THE RAT STORY
There was a story he liked to tell about a rat who wandered into a Japanese teriyaki fast-food restaurant. This was no mouse, he’d say. This was—and here he’d pause to measure a length with his hands—as big as a newborn: a giant Norwegian rat. It was here in the story that she—since she’d heard it several times—would begin to confuse the image of a rat with the image of a baby. She imagined the rat, lying in a little wooden cradle, wrapped in a pink blanket, its eyelids fluttering, and breathing in a labored, dying way; and at the same time she pictured a baby, dead like the rat, in a sad heap on the kitchen floor of a Japanese fast-food restaurant. While her mind shuttled between attraction and repulsion, baby and rat, she studied his mouth forming the words of the story in a way that was simultaneously charming and off-putting. The rat headed for the kitchen, he reported, stumbling in a kind of stupor, and everyone in the restaurant got up and left. He, on the other hand, approached the counter to ask for a refund. Well, we don’t know, said the girls who were in charge. These were very young girls, he said, very wide-eyed and vacant-looking. We don’t know if we can give you a refund, they said. We’ll have to check. Do you know rats carry bubonic plague? he asked them. We know, they said. Well, it ran into your kitchen, he said. We know, they said. But it died. At this, their dinner guests usually laughed. Even she laughed, but her laughter felt automatic and insincere.
Today, everything you could think of in the nature of a regular day was made of snow. Houses had little window shutters made of snow, and trees made of snow stood proudly in the front yards. There was a snow restaurant where flavored snow was served on round snow plates and the waiters, made of snow, had charcoal for eyes like snowmen. We drove our snow car into a desert of snow, camels of snow leaping around snow dunes, snow cactus all bent over from the great weight of snow, thick snow snakes writhing and hissing between snow fissures. It was all so beautiful that we fell into each other’s arms and wept. A snowbird trembled overhead, and we recalled then that it could not last. Just one day is what they’d promised—one day in the great scheme of things.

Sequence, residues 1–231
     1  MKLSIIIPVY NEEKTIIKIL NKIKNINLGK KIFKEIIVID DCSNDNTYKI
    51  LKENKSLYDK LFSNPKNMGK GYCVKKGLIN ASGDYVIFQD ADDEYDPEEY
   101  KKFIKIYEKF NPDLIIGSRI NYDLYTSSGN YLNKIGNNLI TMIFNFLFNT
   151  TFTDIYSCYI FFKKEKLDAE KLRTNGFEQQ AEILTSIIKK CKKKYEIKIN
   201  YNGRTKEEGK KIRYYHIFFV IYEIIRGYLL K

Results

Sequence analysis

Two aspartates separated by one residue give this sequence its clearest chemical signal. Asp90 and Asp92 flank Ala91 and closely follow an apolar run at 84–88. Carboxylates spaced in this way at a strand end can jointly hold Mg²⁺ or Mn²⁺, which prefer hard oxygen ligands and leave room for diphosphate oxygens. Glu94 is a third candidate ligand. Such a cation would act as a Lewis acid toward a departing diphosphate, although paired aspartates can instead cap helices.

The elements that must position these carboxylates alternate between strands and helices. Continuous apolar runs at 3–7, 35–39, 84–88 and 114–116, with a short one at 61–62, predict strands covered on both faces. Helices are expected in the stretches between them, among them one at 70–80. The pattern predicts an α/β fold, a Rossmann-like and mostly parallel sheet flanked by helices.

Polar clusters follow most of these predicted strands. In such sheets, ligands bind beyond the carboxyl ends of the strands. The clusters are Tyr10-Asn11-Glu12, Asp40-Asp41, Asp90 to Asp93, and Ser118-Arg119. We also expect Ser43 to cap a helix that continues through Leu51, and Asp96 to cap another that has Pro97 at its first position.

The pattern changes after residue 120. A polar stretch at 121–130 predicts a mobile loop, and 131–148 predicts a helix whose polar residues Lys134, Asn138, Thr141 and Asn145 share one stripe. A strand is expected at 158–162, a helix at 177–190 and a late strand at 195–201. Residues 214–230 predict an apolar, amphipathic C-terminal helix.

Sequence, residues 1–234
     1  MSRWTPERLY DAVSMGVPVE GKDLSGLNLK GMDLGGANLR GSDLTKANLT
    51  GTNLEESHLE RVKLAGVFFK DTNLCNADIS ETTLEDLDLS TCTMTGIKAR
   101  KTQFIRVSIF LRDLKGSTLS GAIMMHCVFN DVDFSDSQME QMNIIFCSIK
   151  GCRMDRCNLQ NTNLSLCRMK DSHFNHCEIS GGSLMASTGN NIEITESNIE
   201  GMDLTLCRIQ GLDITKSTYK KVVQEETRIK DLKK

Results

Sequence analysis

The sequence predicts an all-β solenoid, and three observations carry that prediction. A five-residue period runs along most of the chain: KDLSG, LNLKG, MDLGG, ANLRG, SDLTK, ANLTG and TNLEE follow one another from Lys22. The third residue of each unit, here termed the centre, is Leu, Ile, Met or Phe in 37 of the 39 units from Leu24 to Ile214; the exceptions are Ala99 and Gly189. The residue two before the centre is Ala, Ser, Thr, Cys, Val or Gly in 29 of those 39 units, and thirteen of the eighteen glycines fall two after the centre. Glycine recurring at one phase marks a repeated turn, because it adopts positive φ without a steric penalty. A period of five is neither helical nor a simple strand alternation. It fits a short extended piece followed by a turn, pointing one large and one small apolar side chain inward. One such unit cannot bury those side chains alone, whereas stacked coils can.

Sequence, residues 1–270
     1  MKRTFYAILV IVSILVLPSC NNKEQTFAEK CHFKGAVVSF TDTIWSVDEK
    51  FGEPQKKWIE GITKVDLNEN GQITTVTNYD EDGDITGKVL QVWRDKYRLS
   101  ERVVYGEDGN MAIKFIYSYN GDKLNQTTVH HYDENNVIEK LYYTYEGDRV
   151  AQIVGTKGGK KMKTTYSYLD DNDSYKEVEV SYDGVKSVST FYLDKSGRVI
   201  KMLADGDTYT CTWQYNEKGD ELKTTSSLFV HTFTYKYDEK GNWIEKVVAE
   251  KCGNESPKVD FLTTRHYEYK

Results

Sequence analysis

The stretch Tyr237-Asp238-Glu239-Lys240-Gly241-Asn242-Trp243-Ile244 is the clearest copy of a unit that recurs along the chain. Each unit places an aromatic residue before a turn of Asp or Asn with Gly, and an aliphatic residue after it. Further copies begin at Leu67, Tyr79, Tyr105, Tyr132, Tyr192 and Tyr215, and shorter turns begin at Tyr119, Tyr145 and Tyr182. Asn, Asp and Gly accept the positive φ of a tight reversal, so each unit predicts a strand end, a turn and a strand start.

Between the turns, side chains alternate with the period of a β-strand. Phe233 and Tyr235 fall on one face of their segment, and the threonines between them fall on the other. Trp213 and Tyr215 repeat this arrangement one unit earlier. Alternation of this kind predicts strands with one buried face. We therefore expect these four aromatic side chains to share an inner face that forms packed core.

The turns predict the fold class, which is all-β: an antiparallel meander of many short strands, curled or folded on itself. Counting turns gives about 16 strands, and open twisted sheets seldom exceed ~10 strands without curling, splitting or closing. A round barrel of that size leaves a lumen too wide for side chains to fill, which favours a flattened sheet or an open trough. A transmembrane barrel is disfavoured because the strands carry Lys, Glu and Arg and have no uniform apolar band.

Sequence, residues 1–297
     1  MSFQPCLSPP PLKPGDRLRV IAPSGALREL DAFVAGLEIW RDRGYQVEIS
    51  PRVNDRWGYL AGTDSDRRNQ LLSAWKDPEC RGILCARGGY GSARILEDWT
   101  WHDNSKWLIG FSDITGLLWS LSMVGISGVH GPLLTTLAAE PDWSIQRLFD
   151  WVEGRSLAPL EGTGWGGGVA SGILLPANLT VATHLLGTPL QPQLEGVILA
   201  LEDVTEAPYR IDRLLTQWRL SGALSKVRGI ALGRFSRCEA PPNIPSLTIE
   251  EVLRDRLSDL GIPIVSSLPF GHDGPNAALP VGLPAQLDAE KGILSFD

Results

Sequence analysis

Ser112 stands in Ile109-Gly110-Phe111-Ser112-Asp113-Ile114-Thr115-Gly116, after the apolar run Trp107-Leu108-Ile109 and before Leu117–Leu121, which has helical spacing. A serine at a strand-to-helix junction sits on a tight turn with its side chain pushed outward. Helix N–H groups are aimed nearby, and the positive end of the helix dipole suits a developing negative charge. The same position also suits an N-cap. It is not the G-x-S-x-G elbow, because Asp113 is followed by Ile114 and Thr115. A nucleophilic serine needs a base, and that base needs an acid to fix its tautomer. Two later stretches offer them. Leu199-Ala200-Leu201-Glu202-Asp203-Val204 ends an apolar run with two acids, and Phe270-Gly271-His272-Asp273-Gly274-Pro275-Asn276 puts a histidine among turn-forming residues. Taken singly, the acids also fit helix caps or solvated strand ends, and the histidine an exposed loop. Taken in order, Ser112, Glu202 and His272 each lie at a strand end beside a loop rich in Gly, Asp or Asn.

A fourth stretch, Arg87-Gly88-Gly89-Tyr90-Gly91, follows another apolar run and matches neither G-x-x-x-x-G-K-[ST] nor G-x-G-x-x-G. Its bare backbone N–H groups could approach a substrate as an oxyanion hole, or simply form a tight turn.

STARS BUT NOT HOLES
We are always attracted to the shiniest part of a leaf because what shines gives pleasure to the eye. Shadows also give pleasure, but perhaps that pleasure is less eye-directed and more fantasy-fueled. Say I wish I were cool or asleep, the words beautifully fading like the cave paintings at Altimira faded and became therefore beautiful. Coleridge, I’m sure, has something to say about it. There are so many leaves on that tree I despair of counting them. I can only say that through the partitions formed by the branches, which are covered with leaves, I see little areas of pure light and the paler leaves of other trees and a part of a stalk of a telephone pole. Such observations are easily corrupted into metaphor.
Today my old friend Raymond was pushing a shopping cart down Speedway, the shopping cart overflowing with clothes, Raymond unshaven and very dirty. Did you see that? I said. Raymond must have fallen on hard times. Not at all, said my companion. It is well known that Raymond is leading a double life. He is not content merely with a life of property, my companion went on. He feels that his half-time homelessness puts everything into perspective. I gave it some thought. Of all my friends, Raymond is the laziest; therefore, he would be the last person I’d expect to muster up the wherewithal to pull off a stunt like this.